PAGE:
Patient consultation is essential in recommending herbals


how to recommend herbals


Patient consultation is essential in recommending herbals

Pharmacists should take an active role in advising patients about interactions between herbals and prescription drugs.

That is the opinion of Ara DerMarderosian, Ph.D., professor of pharmacognosy and medicinal chemistry, University of the Sciences, Philadelphia College of Pharmacy, as well as Roth Chair of Natural Products and scientific director of the school’s new Complementary & Alternative Medicine Institute. He is concerned about the danger in patients self-diagnosing and treating a disease with herbals. He is also urging patients to inform their healthcare practitioners about the herbs they are taking.

"There’s no way the average consumer can decide on his own—‘I’m depressed, I’m using St. John’s wort,’" he said. "It’s not a good idea for a person to self-diagnose depression."

A perfect example is diabetes patients who have to be careful about taking certain herbs that may alter their sugar levels, DerMarderosian continued. "Ginseng possibly affects diabetes control. If patients are on a particular drug, ginseng could lower sugar to a greater degree," he said.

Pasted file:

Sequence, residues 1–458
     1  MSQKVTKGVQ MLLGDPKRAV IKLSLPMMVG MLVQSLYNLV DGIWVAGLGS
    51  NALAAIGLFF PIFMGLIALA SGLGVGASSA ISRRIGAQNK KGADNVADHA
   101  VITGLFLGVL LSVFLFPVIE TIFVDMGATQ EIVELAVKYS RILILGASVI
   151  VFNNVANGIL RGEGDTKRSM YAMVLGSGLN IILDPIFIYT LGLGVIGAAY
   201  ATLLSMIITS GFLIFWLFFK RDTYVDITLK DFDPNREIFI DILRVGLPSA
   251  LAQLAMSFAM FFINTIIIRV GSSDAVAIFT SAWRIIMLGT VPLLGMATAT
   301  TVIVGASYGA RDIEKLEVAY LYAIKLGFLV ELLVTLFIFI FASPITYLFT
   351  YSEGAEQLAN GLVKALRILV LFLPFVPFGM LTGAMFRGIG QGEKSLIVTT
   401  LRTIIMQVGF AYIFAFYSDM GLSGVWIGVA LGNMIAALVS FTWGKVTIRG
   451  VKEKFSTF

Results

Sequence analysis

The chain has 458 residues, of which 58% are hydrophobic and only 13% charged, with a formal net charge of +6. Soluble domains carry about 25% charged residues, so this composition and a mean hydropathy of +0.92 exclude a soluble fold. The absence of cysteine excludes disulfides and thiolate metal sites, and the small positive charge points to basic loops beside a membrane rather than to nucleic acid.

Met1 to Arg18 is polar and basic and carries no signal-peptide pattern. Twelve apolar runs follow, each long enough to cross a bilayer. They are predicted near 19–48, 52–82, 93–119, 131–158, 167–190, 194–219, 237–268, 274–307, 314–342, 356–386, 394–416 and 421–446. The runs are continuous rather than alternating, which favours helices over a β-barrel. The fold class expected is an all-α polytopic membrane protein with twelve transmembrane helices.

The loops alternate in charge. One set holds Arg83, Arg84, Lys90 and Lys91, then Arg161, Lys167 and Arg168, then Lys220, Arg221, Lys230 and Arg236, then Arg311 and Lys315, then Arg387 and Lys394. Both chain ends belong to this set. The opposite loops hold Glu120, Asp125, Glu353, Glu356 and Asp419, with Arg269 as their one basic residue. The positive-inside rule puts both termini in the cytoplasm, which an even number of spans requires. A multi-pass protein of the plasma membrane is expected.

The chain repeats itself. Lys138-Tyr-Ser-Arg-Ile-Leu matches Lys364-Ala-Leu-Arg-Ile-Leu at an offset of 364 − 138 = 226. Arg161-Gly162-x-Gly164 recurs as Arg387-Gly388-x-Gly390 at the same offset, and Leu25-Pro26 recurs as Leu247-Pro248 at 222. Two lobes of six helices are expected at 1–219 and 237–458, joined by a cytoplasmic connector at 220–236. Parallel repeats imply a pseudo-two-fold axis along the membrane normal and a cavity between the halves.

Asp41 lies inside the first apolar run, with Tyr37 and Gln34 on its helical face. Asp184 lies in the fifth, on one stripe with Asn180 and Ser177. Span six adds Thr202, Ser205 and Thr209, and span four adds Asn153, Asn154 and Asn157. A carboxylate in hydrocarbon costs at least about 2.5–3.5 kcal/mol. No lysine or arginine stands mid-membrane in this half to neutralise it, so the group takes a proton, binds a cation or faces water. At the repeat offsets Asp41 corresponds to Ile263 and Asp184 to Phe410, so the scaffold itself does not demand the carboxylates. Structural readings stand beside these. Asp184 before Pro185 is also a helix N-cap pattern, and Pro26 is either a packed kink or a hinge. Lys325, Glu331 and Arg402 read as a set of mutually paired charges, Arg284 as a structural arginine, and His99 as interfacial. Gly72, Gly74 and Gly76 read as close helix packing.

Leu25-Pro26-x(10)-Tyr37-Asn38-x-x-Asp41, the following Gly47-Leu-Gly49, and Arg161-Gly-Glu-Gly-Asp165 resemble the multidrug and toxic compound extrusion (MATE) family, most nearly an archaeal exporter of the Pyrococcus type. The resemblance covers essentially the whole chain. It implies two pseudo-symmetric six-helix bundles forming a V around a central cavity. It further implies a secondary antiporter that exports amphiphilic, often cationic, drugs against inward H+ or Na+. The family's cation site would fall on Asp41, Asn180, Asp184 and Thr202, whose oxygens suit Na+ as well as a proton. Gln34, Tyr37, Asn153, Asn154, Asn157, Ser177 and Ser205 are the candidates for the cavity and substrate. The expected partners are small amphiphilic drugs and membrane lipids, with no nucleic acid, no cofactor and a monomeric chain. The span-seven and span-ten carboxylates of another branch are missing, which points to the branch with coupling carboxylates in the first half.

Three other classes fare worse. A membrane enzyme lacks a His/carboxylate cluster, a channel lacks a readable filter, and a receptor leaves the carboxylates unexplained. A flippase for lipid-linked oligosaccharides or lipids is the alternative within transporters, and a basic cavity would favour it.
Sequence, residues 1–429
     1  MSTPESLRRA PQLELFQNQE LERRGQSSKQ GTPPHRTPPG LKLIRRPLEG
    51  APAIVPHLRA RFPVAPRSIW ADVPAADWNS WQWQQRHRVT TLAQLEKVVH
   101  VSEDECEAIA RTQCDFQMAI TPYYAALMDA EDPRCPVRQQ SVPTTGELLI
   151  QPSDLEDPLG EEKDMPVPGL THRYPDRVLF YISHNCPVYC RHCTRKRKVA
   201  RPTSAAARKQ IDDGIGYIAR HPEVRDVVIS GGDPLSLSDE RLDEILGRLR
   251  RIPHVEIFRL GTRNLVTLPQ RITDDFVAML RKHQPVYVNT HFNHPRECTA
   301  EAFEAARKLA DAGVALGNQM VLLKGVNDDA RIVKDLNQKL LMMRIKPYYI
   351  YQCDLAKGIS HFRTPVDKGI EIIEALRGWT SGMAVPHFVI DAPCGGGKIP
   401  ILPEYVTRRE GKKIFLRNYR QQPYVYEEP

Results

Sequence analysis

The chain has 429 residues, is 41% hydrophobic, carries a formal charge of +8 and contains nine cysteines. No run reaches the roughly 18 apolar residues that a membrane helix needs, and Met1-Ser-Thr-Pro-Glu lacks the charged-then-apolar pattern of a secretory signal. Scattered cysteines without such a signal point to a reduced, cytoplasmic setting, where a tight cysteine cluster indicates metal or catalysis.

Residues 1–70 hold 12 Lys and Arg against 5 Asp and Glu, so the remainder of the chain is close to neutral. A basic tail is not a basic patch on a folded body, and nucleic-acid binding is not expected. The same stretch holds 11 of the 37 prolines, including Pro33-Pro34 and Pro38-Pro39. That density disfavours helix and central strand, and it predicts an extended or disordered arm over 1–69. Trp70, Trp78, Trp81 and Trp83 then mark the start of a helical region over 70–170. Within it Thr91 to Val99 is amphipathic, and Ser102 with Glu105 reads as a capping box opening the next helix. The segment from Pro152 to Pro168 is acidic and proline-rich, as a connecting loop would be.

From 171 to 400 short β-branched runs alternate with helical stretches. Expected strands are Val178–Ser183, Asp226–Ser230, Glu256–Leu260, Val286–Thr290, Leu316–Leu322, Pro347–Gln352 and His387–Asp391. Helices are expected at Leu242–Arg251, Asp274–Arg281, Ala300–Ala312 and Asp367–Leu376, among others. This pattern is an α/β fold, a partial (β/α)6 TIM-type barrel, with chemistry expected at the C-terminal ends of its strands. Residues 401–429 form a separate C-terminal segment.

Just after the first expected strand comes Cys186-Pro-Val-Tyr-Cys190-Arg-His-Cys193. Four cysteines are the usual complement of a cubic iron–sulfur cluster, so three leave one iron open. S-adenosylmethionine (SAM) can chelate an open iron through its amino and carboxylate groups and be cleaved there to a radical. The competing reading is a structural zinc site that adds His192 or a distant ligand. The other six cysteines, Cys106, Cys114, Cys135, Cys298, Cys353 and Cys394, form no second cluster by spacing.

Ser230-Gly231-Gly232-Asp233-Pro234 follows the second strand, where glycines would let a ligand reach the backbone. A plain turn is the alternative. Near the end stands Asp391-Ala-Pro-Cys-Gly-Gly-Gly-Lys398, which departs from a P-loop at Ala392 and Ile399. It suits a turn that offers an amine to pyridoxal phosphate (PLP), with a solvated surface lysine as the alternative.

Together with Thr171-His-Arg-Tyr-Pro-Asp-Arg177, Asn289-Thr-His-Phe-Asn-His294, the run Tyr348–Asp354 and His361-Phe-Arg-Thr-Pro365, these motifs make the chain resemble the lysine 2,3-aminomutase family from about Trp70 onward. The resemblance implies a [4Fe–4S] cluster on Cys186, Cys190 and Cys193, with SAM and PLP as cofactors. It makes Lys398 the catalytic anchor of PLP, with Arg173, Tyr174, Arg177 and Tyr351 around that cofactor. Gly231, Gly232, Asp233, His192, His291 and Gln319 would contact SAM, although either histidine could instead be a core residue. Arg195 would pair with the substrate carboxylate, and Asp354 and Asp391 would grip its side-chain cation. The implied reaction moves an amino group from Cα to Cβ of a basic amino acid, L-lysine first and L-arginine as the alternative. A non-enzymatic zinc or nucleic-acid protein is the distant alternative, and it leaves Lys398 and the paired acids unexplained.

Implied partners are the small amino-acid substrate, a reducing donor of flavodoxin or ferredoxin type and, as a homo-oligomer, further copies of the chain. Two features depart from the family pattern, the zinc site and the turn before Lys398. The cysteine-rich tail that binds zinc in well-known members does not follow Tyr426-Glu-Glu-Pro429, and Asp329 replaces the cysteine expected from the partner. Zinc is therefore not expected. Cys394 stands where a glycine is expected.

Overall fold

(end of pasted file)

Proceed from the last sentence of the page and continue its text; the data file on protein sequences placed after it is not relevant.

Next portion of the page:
Excessive use of herbs is another concern DerMarderosian cited. He warned that patients who want to lose weight could abuse senna, a laxative. The patient can become dependent on the herb, and long-term use can be hazardous—resulting in potassium loss and respiratory conditions.

DerMarderosian also advises pharmacists not to promote too much experimentation with herbs. Herbs should be used more for prevention of a condition than for treatment, he said. "Most of these products take a long time to work—two to three weeks," he noted.

Devan Patel, Pharm.D., owner of The Medicine Shoppe, Longboat, Fla., recommends herbals but advises pharmacists to check what guidelines herbal manufacturers use to process their medications. "You want to recommend the highest quality. Some firms have problems with inconsistencies within their manufacturing process," he said.

Ron Toy, R.Ph., owner of Model Pharmacy, Modesto, Calif., often advises patients to not take herbals when they are using prescription medications. He is particularly cautious when it comes to recommending herbals to seniors, because many seniors are taking more than one prescription medication. "The most important thing I ask is what Rx medication they are taking because of potential interactions. A lot of seniors take Coumadin and ginkgo. There’s a known drug interaction with gingko and Coumadin," he warned, with ginkgo enhancing Coumadin’s blood-thinning effect. Toy also cautioned that ginger can prolong bleeding time, and ginseng decreases anticoagulant activity.

If pharmacists encounter patients who suffer adverse effects from herbals, they should heed DerMarderosian’s advice to record and report these effects.

Sandra Levy


Sandra Levy. Patient consultation is essential in recommending herbals.

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